Thursday, October 14, 2010

Police and firefighters cost $180,000 per year in San Jose, California

 The Economist reports on the pension crisis in America in a recent article Hard-pressed American states face a crushing pensions bill  
CHUCK REED is the Democratic mayor of San Jose, California. You might expect him to be an ally of public-sector workers, a powerful lobby in the Golden State. But last month, at a hearing on pension reform held by the Little Hoover Commission, which monitors the state’s government, Mr Reed lamented his crippling public-pensions bill. “City payments for retirement benefits have tripled over the last ten years even though our workforce has declined dramatically, and we have billions of dollars in unfunded liabilities that the taxpayers must pay,” he said.
Mr Reed estimated that the average cost to his city of employing a police officer or firefighter was $180,000 a year. Not only can such workers retire at 50, but some enjoy annual pension payments greater than their salaries. They are also entitled to cost-of-living increases of 3% a year, health and dental insurance for life and lump-sum payments for unused sick leave that could reach hundreds of thousands of dollars.

 Now the problem is making headlines, especially in California, where taxpayer groups have been highlighting the generous pensions of some former employees. More than 9,000 beneficiaries of CalPERS, the largest state retirement plan, receive more than $100,000 a year.
The stage is set for conflict between public-sector workers and taxpayers. Because almost all states are required to balance their budgets, any extra pension contributions they make to mend a deficit will come at the expense of other citizens. Utah has calculated it will have to commit 10% of its general fund for 25 years to pay for the effects of the 2008 stockmarket crash. But attempts to reduce the cost of pensions are being challenged in court and will be opposed by trade unions, which still have plenty of members in the public sector.
New Jersey provides a prime example of America’s pension difficulties. In August the Securities and Exchange Commission (SEC) charged the state with fraud for misrepresenting the underfunding of its pension plans to municipal-bond investors. This was the first time a state had been charged with violating federal securities laws. It settled the case without admitting or denying the SEC’s findings.

A study by Ms Norcross and Mr Biggs outlines, using the Treasury yield as a discount rate, how New Jersey has run up a pensions deficit of $174 billion. That is equivalent to 44% of the state’s GDP, or more than three times its official debt.
Understated Liabilities

 The Wall Street Journal reports that a major part of the problems are the accounting rules that are applied to pensions. An article today shows that Cities Hide Pension Liabilities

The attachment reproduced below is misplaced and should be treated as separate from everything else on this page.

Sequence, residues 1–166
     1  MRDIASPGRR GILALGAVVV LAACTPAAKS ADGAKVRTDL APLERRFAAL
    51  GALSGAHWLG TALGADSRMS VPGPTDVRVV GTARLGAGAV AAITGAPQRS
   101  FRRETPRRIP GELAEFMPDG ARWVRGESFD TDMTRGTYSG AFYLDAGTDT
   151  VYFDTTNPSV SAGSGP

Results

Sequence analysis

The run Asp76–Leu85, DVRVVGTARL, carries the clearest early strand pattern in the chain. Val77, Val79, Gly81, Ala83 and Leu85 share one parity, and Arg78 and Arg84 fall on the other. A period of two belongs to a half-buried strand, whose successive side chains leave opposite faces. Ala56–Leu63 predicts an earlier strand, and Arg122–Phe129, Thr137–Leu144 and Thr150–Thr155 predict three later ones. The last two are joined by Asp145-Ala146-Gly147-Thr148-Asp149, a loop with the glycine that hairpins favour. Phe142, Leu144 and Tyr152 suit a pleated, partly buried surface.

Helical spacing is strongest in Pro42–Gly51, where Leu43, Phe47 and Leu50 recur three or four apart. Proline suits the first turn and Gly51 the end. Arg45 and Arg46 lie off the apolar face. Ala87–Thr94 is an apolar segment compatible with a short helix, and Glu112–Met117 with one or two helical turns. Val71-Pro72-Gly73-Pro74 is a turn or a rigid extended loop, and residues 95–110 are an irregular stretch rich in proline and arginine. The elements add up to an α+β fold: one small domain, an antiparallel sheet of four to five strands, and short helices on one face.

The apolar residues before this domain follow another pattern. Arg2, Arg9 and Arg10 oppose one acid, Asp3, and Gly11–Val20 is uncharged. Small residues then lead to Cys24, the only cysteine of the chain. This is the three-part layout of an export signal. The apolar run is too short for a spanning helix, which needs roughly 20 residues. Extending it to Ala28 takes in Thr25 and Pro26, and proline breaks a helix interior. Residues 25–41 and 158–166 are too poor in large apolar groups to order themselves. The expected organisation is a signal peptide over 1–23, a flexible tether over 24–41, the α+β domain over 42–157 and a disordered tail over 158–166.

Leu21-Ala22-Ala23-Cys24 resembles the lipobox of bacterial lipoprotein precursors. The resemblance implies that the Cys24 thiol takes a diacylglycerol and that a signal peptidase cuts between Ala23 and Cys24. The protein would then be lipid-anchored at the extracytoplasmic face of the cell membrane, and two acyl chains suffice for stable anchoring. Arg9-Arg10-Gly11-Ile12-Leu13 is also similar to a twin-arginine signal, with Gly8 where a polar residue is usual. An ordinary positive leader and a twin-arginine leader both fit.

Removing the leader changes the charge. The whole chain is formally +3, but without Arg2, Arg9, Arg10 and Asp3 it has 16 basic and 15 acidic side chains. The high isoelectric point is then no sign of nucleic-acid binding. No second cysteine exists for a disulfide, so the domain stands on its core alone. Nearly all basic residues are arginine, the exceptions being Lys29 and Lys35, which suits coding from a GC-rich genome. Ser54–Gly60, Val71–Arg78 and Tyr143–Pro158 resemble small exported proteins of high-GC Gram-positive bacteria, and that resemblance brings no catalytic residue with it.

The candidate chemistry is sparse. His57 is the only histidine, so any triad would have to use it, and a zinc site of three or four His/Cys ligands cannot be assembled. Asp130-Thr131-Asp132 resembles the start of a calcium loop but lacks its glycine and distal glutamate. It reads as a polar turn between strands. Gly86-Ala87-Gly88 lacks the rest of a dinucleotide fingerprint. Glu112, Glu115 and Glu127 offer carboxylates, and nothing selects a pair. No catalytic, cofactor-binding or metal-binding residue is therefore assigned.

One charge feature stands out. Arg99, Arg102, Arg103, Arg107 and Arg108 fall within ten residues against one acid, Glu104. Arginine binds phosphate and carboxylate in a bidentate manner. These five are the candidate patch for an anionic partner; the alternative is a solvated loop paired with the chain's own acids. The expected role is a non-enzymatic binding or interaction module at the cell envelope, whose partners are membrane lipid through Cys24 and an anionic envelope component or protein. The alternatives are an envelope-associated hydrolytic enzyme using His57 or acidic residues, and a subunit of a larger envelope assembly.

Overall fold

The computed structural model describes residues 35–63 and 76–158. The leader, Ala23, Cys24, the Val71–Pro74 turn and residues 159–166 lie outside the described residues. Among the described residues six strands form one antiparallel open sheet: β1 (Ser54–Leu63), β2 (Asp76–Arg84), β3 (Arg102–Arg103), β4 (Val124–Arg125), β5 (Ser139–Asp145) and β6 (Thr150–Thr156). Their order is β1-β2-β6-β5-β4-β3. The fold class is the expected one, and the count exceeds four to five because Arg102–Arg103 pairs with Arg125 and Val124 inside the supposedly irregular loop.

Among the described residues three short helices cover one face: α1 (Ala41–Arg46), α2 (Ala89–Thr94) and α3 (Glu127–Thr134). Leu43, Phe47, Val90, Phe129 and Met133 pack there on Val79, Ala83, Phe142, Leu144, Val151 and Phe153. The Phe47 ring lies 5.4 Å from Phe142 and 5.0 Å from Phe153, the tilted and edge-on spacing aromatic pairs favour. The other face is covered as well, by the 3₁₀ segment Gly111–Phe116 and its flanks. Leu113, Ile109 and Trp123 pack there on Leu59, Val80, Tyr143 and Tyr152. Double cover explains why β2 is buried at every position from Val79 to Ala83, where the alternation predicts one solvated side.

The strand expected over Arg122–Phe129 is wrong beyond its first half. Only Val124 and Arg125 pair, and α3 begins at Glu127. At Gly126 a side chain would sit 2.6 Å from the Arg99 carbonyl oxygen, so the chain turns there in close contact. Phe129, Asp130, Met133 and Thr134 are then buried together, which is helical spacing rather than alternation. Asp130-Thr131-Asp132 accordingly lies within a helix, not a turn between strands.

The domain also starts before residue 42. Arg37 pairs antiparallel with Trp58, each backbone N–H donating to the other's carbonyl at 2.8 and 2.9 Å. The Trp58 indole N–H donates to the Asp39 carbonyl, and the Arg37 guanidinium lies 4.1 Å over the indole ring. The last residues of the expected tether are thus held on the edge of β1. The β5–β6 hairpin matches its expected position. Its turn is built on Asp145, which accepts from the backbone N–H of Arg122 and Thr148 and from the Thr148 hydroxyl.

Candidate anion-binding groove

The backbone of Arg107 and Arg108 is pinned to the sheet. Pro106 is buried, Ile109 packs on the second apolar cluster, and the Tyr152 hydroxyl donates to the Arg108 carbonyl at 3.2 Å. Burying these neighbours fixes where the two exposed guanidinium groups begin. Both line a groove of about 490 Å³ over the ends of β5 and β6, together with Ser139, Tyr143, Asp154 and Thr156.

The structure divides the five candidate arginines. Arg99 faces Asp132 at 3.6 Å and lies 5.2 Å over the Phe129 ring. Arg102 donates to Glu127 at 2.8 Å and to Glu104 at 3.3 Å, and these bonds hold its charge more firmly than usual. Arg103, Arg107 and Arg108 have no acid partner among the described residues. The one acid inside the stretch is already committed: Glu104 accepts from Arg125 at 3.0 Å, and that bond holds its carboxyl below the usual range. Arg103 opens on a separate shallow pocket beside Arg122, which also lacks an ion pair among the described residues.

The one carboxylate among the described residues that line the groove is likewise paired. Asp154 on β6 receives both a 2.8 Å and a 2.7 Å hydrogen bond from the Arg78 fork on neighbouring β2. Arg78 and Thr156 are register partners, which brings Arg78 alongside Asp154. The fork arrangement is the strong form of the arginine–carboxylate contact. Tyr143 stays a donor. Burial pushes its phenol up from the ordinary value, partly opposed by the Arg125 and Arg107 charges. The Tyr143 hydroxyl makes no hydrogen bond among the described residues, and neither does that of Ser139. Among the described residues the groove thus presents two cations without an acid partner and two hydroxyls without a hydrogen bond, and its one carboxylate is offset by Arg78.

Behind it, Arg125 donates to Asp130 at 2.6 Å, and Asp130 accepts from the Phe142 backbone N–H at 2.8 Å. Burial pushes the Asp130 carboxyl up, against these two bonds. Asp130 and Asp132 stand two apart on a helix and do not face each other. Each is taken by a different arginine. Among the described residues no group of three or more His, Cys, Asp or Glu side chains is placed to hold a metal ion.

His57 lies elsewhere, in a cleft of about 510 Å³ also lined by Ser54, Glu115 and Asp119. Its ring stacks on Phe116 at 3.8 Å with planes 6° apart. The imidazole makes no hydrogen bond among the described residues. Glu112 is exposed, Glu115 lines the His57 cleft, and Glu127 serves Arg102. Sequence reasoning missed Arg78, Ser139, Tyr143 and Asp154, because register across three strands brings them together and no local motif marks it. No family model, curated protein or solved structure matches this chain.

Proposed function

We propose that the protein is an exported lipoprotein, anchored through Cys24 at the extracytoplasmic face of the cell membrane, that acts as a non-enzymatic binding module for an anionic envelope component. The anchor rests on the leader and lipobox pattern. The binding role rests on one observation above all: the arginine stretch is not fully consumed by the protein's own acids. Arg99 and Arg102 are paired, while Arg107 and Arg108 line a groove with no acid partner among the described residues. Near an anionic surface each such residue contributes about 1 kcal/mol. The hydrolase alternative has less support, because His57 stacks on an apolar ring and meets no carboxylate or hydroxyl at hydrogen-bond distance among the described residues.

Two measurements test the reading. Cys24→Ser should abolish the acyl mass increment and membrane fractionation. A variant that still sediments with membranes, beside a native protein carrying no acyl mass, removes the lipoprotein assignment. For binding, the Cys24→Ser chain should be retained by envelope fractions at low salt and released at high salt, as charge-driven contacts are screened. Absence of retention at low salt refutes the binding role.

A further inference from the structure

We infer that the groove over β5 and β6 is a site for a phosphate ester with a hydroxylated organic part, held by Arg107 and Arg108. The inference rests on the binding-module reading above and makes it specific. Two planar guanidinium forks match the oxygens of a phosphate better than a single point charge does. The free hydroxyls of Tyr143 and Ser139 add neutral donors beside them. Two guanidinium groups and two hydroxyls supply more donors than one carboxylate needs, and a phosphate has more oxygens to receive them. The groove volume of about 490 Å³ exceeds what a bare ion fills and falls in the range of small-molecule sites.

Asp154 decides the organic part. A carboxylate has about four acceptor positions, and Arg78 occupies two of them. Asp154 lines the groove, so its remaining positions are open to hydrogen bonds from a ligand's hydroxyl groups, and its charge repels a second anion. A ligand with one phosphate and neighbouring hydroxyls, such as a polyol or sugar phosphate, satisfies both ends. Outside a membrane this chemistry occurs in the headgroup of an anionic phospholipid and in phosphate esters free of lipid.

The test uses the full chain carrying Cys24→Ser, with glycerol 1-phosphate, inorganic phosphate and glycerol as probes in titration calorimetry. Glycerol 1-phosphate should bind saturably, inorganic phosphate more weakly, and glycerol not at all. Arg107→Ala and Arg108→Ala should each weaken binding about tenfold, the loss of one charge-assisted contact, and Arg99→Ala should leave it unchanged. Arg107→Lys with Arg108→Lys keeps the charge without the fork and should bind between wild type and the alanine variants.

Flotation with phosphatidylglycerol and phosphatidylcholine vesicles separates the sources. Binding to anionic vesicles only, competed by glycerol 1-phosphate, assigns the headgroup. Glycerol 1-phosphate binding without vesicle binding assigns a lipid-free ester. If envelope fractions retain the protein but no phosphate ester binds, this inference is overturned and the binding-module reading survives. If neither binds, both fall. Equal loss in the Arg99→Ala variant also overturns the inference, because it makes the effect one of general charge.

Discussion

Many of the largest U.S. municipalities are understating the true size of their pension obligations by using inappropriate accounting methods, leading to $574 billion of unfunded pension liabilities, according to a study released Tuesday.
Those unfunded pension benefits are in addition to $3 trillion of unfunded liabilities that the study's authors have said exist among state pension plans.
Supersized Superannuation - Canada's Problem 
Earlier this year the CD Howe Institute released its analysis of the underfunded situation in Canada. They called the report Supersized Superannuation: The Startling Fair-Value Cost of Federal Government Pensions This report shows that Canada has a serious problem with its plans.

As long as bureaucrats and politicians have a retirement that is dependent on these gold-plated taxpayer funded plans; this problem will be kicked down the road.

It is hard to change the system.

The public sector unions have take municipalities and states to court to have any pension changes overturned. The courts have upheld the pensions in their current form. They cannot be changed for existing employees.
Of course the unions have a point when they feel they are the scapegoats for a broken system. Especially when the financial institutions that were bailed out by taxpayers are abusing taxpayers.
Another indication of our broken system is the bonuses that Wall Street are taking home this year. Wall St. soaking up record bonuses shows that executives of financial companies are expected to receive a record $144 billion in pay and bonuses this year.

Someone has to pay these bills of course. It will be taxpayers everywhere who are responsible for bailing out both incompetent corporations and pension shortfalls.

Many will not be able to sustain this burden.More seniors spending golden years in bankruptcy

Bill Tufts 
Fair Pensions For All

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